Why Are The Middle Ages Also Know As The Dark Ages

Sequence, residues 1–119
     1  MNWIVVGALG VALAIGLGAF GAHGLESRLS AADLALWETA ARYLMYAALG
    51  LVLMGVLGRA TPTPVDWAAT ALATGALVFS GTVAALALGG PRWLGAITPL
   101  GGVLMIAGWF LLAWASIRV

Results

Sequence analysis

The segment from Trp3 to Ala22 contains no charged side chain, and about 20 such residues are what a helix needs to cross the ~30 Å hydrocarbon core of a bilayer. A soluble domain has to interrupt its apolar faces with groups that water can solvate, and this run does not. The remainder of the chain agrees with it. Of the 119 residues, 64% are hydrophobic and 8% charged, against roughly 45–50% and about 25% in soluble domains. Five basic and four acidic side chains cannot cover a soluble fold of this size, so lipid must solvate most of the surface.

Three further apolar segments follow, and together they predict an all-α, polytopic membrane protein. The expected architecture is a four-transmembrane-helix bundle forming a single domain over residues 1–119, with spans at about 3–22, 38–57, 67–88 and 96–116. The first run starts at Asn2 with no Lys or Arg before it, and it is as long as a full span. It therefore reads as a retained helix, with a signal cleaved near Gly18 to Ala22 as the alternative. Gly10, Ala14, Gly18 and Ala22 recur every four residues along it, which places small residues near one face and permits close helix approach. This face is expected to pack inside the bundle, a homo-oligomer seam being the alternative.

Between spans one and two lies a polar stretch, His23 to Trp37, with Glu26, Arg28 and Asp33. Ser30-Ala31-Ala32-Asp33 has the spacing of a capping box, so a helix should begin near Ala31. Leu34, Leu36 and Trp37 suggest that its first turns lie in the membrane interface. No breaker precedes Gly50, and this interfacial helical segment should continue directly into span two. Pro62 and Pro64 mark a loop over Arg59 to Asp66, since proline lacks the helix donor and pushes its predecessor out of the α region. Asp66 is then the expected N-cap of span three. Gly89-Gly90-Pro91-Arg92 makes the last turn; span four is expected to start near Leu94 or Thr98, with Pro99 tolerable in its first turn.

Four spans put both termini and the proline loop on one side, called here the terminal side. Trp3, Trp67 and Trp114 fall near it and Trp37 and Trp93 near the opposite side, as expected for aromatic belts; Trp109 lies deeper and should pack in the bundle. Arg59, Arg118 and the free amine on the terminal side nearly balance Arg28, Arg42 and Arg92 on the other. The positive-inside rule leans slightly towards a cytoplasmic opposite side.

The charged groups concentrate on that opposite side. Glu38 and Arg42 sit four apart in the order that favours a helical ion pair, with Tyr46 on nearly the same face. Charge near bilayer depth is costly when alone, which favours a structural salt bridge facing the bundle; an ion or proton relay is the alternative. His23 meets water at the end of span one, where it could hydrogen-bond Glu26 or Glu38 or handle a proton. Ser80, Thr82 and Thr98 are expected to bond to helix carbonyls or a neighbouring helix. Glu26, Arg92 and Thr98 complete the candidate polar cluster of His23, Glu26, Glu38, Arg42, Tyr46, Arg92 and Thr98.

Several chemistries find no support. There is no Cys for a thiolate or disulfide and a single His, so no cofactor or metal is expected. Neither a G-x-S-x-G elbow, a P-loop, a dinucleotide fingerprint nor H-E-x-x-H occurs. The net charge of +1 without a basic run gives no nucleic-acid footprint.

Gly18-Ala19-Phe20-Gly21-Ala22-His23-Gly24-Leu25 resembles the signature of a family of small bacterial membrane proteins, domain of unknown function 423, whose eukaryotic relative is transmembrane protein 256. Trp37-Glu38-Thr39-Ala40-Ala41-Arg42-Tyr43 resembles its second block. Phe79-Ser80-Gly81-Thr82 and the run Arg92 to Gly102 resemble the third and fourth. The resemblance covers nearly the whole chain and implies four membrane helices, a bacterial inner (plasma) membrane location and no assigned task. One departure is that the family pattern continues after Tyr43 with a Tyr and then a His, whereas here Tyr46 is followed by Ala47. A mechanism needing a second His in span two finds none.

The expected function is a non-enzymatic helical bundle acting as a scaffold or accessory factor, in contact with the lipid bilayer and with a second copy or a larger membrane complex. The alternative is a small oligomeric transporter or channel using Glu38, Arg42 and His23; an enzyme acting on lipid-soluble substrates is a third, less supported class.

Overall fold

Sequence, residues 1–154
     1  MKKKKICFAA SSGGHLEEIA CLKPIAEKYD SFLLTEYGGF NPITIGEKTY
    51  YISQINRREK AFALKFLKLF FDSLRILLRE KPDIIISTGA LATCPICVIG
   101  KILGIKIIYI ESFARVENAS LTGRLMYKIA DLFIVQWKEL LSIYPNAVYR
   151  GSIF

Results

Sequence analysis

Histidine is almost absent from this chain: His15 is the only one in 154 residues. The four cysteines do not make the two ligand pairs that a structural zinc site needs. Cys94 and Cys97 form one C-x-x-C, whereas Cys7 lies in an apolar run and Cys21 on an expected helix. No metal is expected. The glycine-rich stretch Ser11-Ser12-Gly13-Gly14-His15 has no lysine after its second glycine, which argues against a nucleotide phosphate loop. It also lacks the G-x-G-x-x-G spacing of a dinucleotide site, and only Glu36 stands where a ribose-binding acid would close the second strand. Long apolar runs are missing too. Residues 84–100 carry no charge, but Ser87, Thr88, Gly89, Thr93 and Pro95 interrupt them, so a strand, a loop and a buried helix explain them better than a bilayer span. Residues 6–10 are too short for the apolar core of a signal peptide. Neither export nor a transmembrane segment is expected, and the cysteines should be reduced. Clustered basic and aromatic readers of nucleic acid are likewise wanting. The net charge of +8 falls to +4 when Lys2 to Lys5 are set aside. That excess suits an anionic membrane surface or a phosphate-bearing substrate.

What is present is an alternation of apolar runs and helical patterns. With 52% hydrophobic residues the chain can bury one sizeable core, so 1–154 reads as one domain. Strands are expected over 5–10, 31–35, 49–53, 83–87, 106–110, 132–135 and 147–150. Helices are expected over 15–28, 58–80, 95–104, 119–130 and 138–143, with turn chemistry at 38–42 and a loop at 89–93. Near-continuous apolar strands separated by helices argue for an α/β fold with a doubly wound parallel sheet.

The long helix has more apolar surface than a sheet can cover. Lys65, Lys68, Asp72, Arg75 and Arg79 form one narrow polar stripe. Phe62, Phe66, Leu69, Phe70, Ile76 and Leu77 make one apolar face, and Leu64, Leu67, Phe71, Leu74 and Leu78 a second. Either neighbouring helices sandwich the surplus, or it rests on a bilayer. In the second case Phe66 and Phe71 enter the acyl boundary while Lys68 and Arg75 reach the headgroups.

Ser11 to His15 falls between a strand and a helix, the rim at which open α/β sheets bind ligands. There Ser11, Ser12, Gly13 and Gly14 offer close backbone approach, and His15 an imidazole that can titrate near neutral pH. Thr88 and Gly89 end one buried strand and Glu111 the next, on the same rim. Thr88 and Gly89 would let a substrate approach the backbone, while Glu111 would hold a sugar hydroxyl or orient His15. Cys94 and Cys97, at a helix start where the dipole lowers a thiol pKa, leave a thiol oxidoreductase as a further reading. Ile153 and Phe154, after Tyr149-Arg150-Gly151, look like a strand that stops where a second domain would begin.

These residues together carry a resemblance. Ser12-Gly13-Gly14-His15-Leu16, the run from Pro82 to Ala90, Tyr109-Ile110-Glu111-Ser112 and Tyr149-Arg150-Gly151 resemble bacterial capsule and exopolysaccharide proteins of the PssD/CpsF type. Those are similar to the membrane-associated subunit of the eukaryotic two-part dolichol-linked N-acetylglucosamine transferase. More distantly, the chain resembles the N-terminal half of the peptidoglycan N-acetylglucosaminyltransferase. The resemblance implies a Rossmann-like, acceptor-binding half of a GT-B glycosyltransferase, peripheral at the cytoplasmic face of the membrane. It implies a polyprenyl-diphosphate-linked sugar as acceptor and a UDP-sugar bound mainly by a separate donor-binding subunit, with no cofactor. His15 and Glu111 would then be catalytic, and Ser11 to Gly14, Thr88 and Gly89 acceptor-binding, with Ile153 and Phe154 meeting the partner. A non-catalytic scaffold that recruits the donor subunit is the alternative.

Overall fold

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Middle Ages “Medieval” is a term first used by late fifteenth century Italian scholars to describe the previous one thousand years of Western civilization. It is used to identify something as old fashioned, outdated, or unenlightened. “Medieval” is also synonymous with the period of time beginning after the fall of the Roman Empire in the fifth century, and extending into the fifteenth century known as the Middle Ages. The word itself finds its origin in the New Latin phrase medium aevum, whose English translation is “the middle ages.” Perhaps the central reason for the period known as the Middle Ages being described as old-fashioned, outdated, and unenlightened is the extensive control the church had over day-to-day life of the people of this era. The governing system of the era was a theological monarchy based on the ideals and machinations of the church. Citizens who did not adhere to church driven, governmental policies could not only face charges of treason, but also charges of heresy. Church dogma influenced scientific theories of the Middle Ages to the extent of censorship. Any theories, research, or discoveries that were counter to the teachings of the church were systematically suppressed, and their authors disciplined and/or forced to recant under further penalty. Knowledge was not freely disseminated among the masses during the Middle Ages. The church and the wealthy aristocracy were essentially the only literate social classes, and books were a tedious and time-consuming matter to create before the advent of movable type in the fifteenth century. Thus, knowledge and information were passed almost solely by word of mouth among the middle and lower classes. As the saying goes, “knowledge is power,” and with the church and aristocracy holding the “keys” to literacy and enlightenment, the lower classes found themselves “power”-less. The church is the

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